If we take your study at face value, do its conclusions risk flattening, simplifying what it is that makes a good teacher, limiting it to achievement on standardized tests?


    I think the main message of our study is that standardized test score impacts can be a useful input into evaluating teachers, but by no means are we saying that test scores are the end-all and be-all of how teachers should be evaluated.

    We think that they're one aspect of what should factor into the formula. One would also want to use things like principal evaluations or maybe even student evaluations or other measures of teacher quality. But I think there's some useful data here that could be very useful in improving teacher quality.


    Unfortunately, Randi Weingarten, of the AFT is stuck in New York City traffic, always an occupational hazard at this time of day.

    But one thing that teacher unions generally have been keeping an eye on is school systems' attempts to pay for performance, to try to create a formula around their students' achievement that would reward them with cash. After your study, is that justified, do you think?


    I think teachers who are high-value-added and are raising test scores are having tremendous benefits for their students.

    So, for example, a teacher who is in the top 5 percent, an excellent teacher, we calculate generates about $250,000 or more of additional earnings for their students over their lives in a single classroom of about 28 students.

    Now, I think it makes sense to try to reward teachers who are doing extremely well. They're providing a great service to the economy. I think it's important to recognize teachers who are having such great impacts. Whether the best policy to raise teacher value added is merit pay or better teacher training or some other sort of tool is less clear.


    You know, a lot of the schools with the worst performance in national standardized tests are also schools in poor neighborhoods, where you also have high teacher turnover.

    If you identify high-value-added teachers, as you call them, how do you get them to stay in a school that needs a lot of help?


    That's a great question.

    High turnover is indeed a problem, because one of the things that we see in the data is that teachers' value-added grows as they become more experienced. So the first time a teacher is teaching, it's quite natural they're learning on the job and they don't do quite as well as after they have a few years of experience.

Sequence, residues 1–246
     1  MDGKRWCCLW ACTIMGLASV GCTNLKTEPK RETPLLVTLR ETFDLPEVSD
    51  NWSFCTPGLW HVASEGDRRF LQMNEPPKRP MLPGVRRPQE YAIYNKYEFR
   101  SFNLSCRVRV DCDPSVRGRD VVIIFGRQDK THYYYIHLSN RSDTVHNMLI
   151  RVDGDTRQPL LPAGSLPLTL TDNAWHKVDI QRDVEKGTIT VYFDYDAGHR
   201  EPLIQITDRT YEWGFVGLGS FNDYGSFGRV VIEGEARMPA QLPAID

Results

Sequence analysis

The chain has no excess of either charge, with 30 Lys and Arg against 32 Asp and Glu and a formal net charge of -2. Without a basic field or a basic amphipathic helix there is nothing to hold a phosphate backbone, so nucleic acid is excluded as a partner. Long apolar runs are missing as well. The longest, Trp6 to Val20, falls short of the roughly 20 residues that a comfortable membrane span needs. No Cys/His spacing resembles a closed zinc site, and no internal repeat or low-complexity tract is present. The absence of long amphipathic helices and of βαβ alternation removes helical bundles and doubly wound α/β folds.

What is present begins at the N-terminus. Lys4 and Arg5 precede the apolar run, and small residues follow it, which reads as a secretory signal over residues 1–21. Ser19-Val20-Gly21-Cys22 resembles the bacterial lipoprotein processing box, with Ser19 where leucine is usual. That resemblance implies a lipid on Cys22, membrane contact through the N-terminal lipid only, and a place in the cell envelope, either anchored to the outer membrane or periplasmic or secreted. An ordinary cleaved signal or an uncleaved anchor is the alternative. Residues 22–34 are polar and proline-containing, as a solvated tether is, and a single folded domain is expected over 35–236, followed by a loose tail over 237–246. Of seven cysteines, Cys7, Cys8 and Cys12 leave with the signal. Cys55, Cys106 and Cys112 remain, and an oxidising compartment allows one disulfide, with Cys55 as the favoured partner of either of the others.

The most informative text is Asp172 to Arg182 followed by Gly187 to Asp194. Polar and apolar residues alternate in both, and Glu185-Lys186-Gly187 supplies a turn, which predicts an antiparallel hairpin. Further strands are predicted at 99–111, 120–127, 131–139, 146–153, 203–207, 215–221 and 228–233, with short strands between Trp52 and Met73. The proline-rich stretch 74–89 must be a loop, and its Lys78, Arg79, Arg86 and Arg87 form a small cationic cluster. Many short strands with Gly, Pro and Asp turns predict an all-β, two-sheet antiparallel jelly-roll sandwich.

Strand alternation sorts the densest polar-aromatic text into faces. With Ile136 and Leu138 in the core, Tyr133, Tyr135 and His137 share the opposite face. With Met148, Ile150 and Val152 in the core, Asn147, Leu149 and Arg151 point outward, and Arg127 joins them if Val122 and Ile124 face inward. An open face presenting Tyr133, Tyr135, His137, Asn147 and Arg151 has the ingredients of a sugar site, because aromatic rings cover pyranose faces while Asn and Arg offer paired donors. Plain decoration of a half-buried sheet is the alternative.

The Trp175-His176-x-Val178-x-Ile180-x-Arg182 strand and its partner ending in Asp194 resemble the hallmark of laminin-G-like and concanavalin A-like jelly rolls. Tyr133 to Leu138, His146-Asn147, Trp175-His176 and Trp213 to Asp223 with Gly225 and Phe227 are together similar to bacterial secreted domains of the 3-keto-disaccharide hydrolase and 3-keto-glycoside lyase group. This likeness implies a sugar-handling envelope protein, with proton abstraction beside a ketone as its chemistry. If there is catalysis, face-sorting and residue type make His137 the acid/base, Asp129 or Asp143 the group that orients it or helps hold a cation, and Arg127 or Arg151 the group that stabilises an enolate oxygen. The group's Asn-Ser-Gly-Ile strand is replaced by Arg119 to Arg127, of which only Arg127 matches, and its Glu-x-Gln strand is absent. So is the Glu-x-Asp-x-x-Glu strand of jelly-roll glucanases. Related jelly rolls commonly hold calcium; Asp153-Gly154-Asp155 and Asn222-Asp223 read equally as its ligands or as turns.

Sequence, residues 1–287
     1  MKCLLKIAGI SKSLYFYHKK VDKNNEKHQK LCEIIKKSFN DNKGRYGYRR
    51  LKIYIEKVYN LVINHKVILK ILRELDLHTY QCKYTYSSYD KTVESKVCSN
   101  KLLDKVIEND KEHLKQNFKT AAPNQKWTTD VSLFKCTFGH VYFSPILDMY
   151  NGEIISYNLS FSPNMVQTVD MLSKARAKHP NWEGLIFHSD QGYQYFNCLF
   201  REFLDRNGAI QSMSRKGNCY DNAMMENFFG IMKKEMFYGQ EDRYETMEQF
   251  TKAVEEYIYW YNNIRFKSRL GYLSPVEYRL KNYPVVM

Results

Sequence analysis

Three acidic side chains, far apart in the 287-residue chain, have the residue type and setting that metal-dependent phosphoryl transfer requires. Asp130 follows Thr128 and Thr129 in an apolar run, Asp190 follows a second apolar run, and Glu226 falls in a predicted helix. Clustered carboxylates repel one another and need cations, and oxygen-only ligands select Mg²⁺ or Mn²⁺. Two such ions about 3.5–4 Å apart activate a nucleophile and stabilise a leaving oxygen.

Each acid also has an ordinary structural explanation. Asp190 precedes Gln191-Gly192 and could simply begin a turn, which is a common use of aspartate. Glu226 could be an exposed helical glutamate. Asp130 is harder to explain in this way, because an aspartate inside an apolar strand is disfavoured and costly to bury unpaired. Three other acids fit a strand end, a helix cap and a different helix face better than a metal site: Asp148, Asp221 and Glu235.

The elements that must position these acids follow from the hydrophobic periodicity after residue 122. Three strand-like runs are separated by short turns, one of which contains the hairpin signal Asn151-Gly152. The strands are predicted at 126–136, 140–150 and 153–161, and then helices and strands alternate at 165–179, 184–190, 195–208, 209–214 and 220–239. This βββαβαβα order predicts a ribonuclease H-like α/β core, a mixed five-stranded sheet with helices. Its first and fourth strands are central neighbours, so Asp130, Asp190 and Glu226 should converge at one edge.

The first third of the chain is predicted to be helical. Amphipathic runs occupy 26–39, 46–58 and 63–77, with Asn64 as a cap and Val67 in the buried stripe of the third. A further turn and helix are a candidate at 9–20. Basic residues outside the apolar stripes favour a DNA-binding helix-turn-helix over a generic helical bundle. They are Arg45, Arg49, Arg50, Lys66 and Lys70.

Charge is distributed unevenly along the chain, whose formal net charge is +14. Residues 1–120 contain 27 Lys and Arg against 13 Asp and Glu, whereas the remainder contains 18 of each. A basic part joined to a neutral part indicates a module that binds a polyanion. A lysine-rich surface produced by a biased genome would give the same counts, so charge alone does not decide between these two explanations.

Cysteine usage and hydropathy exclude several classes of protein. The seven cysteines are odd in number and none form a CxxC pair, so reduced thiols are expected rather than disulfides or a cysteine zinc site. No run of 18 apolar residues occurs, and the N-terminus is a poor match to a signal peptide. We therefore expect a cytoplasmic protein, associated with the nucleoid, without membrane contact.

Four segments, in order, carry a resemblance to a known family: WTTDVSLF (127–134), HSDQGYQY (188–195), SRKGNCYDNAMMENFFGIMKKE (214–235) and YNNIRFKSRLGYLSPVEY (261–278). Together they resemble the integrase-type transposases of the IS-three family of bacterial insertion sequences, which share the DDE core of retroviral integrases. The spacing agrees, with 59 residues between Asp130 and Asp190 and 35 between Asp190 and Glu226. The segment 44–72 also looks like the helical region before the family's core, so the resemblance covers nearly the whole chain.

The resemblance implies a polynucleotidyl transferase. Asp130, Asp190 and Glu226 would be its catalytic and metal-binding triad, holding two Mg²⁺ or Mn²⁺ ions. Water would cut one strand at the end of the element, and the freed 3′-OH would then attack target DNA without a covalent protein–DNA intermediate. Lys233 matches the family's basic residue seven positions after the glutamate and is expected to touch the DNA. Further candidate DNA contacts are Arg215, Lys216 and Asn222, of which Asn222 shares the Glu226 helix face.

And so in these lower-income neighborhoods, where you have a lot of teacher turnover, that's a further reason that those children are not getting as great opportunities as we think they should be.

    How you reduce turnover, I think, paying teachers bonuses, especially if they are doing very well, possibly increasing teacher salaries, providing more support so that the classroom environment in which they're teaching is more constructive, easier to teach in, I think all of these things could potentially be very helpful.


    Is — could it also be concluded from your study that it ought to be easier to fire ineffective teachers? And I'm really sorry the union leader isn't here with us right now when I'm asking this question.

    But is that part of your conclusion?



    I think — you know, let me make an analogy here. Suppose you are managing a baseball team, say, the Boston Red Sox, and you're trying to do as well as you can. You have players with different batting averages. One approach you might take is to bring the hitting coach out and try to raise the batting averages of the players you have.

    But I think it also makes a lot of sense — and this will make sense to sports fans — that, on occasion, you might decide to let some of the players with lower batting averages go, and try to get somebody else who might do better. And so I think it makes sense to use a combination of those tools.

    Here, I think the stakes are even much bigger. We're talking about the future of our children, rather than winning a baseball game. So I think it does make sense to consider those policies seriously.


    Professor Chetty, thanks for joining us.


    Thank you. My pleasure.